Who's who: Allan Robertson

  • Photo of Alan Robertson
  • scotland.png
  • Photo of Alan Robertson
  • scotland.png

Who's who: Allan Robertson

  • Name:

    Allan Robertson
  • Country:

  • Lived:

    [1815-1859]. Born on Sept 11, 1815 in St Andrews, Fife. Died on Sept 1, 1859 in St Andrews (age 44).
  • Original/Home Club:

    St Andrews, Fife
  • Occupation:

    Professional golfer, club and ball-maker.
  • Turned Pro:


Roll of Honour

Acknowledged as the best professional golfer in the period 1840 to 1859. The first player to shoot a sub-80 round (79) on the Old Course, St Andrews. World Golf Hall of Fame (inducted in 2001).

Golf course design

Robertson, together with Old Tom Morris, worked on the design and improvement of several courses, including modifications to the Old Course, St Andrews and extending the Carnoustie Links.

Did you know?

At a time when golf was predominantly played by well-off gentlemen, the 1830s and '40s saw the arrival of a new category of golfer, the "playing professional." Robertson was the most famous of this new breed, and was generally regarded as the best golfer in the period 1840 to 1860.

Professionals, like Robertson, typically made a living from playing for stake money, ball and club making, caddying and providing instruction. It is said Robertson was never beaten when playing for money. In 1843 a marathon 20-round challenge match between Robertson and Willie Dunn Sr of Musselburgh was arranged to establish who was the top golfer of the time. Robertson come out the winner. Not only the top professional, Robertson was also considered the premier ball and club maker of his time.

Old Tom Morris worked for Robertson as an apprentice, and the two formed a near invincible playing partnership in challenge matches. However, they rarely competed against each other, respecting the apprentice-master relationship. This lack of competition between them put a question mark against the question of who was really the best player, Robertson or Morris? The relationship between them soured when Robertson fired Morris when he caught him using a gutta-percha ball; Robertson's business was based on making the older featherie ball. Robertson's attempts to suppress the popularity of the new and cheaper "guttie" were ultimately unsuccessful, hastening the demise of the family's 100-year-old business making the "featherie." Robertson eventually switched to making "guttie" balls.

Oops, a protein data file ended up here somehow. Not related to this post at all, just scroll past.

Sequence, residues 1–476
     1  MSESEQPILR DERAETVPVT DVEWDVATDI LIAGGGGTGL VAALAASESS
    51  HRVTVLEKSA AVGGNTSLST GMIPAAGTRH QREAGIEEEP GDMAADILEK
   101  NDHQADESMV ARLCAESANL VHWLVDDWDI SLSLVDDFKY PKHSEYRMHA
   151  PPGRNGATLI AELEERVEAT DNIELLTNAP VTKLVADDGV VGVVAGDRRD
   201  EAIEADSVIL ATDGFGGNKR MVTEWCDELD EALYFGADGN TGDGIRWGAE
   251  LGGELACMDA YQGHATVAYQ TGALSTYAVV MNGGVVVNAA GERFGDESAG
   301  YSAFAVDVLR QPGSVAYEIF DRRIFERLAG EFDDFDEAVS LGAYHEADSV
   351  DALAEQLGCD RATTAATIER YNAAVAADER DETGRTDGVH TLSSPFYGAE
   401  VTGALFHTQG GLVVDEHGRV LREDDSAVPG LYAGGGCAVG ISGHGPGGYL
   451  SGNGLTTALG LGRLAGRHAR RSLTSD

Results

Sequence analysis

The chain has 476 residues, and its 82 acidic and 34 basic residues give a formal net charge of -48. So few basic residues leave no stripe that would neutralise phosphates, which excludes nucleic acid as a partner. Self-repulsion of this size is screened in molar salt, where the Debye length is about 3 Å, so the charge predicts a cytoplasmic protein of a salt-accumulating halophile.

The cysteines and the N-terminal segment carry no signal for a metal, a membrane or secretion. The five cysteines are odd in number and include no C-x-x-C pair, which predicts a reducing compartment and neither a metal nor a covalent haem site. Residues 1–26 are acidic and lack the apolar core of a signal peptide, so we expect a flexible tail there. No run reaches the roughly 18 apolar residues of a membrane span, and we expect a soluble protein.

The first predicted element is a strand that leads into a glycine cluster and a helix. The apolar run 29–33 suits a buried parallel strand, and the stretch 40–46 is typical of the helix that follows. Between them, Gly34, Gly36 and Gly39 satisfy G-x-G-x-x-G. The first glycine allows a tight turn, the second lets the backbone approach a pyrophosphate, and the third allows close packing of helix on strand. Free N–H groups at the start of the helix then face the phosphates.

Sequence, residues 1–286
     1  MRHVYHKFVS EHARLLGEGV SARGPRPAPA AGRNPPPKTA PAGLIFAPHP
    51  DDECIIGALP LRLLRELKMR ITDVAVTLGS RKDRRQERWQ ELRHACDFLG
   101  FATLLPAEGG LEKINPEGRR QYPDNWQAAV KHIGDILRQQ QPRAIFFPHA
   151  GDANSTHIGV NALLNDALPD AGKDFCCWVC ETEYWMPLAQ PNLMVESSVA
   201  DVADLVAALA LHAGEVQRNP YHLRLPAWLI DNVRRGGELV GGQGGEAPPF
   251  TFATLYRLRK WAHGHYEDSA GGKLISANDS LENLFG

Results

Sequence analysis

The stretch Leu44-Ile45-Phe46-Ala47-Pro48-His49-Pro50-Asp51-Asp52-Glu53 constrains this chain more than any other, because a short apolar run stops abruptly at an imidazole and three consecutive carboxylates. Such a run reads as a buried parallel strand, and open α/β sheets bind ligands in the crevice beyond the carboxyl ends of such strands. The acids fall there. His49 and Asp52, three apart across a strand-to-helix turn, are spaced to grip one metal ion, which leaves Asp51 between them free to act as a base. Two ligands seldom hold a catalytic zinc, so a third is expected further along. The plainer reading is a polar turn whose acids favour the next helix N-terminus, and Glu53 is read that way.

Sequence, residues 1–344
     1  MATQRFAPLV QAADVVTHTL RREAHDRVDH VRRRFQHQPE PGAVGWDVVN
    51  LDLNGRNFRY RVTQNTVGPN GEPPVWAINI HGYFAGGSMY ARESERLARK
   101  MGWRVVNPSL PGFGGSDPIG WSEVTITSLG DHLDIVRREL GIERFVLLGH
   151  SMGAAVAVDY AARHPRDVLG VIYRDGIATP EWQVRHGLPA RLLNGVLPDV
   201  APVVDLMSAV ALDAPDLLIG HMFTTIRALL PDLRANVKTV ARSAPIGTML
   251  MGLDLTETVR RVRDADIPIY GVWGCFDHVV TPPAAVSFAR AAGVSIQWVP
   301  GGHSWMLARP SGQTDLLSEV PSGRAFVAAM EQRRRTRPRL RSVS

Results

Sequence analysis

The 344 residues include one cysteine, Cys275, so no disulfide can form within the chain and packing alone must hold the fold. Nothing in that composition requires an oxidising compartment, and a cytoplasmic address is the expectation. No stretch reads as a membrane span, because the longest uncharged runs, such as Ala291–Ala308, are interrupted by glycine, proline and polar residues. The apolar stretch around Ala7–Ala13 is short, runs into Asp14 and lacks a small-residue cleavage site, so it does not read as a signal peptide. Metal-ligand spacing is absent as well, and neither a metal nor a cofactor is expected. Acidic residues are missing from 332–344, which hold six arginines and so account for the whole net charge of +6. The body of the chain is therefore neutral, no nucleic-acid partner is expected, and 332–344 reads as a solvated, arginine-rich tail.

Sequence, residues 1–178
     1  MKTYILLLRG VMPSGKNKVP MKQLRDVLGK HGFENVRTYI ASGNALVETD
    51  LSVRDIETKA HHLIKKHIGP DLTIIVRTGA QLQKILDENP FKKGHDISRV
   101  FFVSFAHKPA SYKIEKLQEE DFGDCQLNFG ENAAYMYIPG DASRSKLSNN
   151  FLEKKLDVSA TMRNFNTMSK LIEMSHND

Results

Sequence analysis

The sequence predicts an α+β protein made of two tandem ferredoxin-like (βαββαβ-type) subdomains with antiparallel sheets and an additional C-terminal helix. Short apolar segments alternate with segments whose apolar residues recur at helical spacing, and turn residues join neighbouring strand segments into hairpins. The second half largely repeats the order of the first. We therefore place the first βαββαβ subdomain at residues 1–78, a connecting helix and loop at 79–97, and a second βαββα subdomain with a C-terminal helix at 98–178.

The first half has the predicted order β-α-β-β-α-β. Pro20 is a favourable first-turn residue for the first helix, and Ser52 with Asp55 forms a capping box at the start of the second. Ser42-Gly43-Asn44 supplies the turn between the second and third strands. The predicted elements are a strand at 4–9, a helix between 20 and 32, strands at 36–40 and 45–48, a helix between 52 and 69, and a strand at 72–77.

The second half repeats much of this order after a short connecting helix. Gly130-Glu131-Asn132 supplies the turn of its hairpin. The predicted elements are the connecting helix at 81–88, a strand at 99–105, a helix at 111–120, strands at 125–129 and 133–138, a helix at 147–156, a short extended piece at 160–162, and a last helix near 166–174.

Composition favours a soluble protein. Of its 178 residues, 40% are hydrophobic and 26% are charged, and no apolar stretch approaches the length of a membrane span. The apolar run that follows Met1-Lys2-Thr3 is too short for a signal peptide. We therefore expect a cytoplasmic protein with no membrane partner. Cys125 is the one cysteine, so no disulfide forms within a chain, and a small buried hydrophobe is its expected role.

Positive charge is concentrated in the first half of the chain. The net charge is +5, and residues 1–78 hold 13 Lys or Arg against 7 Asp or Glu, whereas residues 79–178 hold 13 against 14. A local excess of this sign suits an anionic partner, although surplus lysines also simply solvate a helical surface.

Robertson died in 1859 following an attack of jaundice. He is buried in the grounds of St Andrews Cathedral. The Open Championship (golf's oldest major), came about as a result of the void left by Robertson's death. In 1860, professional golfers gathered in Prestwick to find Robertson's successor as the "Champion Golfer". That honour was surely shared between Willie Park Sr (Open Championship winner in 1860, '63, '66, '75) and Old Tom Morris (winner in 1861, '62, '64, '67).

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